Hiring Guide – Part 2: The Interview


Ripple Recruit have put together a 3 part series , which covers the 3 most important areas of hiring; The Search, The Interview , The Offer.

Part 2: The Interview

Tip #1 – Have a structure and set clear objectives

Some people are naturally great at conducting interviews and others struggle. Being a good interviewer isn’t easy, it takes practice and it takes preparation.

When conducting an interview, there are generally 3 key questions that you’ll be looking to get answered;

  • What skills & experience does the candidate have to offer?
  • Who are they as an individual ?
  • Why should you hire them, what sets them apart from other candidates?

Without solid preparation, any interviewer will struggle to get the most from the candidate they’re meeting.

Think about your current and previous team members;

  • What makes them a success and what are their weaknesses?
  • What skills do they have and how often are they utilising them?
  • What are the skill gaps in your team and where are the future gaps likely to be?
  • What personalities do you already have in the team and what personalities will compliment them rather than clash?

Over the years, I’ve seen companies hire entire teams of individuals without once changing their interview questions or criteria. Typically, what that means is that they end up hiring 20 people with the same skill set and character profile, often creating a team culture that isn’t as successful as it could have been if they’d adapted their interview criteria as the team had grown.

Think about the interview process from both sides , you’ll need to put yourself in your candidate’s shoes and understand what the interview process will feel like and how you’re going to get the best out of them.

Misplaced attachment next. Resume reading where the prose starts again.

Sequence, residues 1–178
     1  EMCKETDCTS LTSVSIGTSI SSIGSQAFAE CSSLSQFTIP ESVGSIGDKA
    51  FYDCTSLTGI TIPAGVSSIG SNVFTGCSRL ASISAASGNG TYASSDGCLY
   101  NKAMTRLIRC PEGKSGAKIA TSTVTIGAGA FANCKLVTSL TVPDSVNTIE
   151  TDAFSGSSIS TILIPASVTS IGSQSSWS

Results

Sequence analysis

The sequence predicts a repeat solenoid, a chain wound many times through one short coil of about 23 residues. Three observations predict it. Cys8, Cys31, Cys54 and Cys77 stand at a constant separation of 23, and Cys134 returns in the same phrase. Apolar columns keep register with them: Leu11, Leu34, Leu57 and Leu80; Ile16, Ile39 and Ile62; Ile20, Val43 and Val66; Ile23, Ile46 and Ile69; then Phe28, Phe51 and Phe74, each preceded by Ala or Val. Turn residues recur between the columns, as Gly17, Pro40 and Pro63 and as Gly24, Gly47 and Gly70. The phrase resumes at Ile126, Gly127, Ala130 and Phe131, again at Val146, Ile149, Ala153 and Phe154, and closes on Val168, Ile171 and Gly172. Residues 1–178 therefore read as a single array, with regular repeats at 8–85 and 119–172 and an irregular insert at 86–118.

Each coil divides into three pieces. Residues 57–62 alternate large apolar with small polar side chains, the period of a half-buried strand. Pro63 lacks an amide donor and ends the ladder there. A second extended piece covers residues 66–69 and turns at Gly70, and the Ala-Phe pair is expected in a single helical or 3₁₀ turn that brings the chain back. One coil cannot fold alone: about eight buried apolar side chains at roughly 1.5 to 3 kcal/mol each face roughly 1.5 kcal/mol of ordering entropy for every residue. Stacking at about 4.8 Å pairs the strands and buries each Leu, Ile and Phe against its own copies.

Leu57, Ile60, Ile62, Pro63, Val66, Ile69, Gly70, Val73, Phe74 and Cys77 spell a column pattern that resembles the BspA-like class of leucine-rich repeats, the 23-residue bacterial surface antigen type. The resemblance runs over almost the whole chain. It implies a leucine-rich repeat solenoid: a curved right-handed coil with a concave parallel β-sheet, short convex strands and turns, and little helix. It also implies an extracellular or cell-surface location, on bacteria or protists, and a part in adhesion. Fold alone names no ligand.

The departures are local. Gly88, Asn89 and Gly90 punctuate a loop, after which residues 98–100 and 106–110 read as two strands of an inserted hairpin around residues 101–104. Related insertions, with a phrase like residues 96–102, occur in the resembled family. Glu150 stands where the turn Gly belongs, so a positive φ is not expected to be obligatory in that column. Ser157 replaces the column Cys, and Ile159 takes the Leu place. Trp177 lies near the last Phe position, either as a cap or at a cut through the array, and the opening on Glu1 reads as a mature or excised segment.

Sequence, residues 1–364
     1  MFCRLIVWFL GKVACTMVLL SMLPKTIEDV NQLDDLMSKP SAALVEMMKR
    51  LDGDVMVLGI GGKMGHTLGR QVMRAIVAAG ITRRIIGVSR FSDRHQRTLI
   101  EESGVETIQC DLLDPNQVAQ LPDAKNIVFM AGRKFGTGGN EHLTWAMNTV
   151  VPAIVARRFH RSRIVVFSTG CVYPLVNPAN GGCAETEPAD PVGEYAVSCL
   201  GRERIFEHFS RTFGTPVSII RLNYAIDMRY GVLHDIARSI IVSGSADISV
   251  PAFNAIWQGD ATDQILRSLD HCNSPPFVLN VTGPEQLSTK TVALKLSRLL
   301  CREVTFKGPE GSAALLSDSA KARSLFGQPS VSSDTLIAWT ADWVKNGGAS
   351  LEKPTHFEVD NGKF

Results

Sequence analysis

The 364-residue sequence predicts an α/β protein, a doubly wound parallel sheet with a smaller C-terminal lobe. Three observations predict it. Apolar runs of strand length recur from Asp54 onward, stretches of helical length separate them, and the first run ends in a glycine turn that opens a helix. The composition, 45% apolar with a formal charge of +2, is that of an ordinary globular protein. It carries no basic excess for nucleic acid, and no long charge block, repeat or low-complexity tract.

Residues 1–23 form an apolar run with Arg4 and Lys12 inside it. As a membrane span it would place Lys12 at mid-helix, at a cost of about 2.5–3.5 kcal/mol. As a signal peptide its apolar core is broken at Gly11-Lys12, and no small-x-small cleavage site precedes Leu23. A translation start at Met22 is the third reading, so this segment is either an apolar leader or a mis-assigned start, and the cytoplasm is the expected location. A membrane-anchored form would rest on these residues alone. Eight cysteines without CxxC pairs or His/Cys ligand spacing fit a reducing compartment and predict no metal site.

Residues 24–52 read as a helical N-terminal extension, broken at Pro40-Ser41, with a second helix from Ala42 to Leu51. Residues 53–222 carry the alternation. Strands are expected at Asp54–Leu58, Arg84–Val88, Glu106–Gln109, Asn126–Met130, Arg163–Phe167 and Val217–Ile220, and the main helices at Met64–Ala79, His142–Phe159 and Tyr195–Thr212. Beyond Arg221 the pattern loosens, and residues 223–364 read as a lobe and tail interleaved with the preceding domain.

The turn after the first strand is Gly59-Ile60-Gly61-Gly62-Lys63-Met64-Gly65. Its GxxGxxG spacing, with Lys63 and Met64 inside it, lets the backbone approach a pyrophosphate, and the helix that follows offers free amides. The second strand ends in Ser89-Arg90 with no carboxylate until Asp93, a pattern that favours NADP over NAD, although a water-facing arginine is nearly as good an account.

• If more than one person is involved in the interview, sit down and work on a structure together. This will avoid repetitive questions and will give a different perspective.
  • Set aside enough time so that the interview isn’t rushed.
  • Don’t keep the candidate waiting for an unreasonable amount of time, either at the beginning or during the interview.
  • Make sure that everyone that the candidate is due to meet is available, on time and has clear objectives (ideally that compliment yours).
  • Offer refreshments more than once, especially on longer interviews. One small glass of water at the beginning of a 3-hour interview isn’t enough!
  • Don’t forget to sell the opportunity.
  • Don’t ask trick questions.

Remember, you want candidates as relaxed as possible during the interview. You’re trying to get an indication of how they’re likely to perform once you’ve hired them, not how well they stand up under intense questioning!

Tip #2 – Let the candidate know what to expect

As a recruiter, I always ask my clients about the structure of the interview. I ask about their objectives and the format of the interview.

If you’re not using a recruitment agency, then it’s important that you share this information directly with the candidate. Offering an insight into what the candidate should expect will help them relax and will boost their confidence .

  • Tell the candidate how long the interview is likely to last.
  • Share the format of the interview, including if there will be any tests.
  • Make sure they know the details of everyone that they’ll be meeting in advance.
  • Make it clear how many interview stages are involved.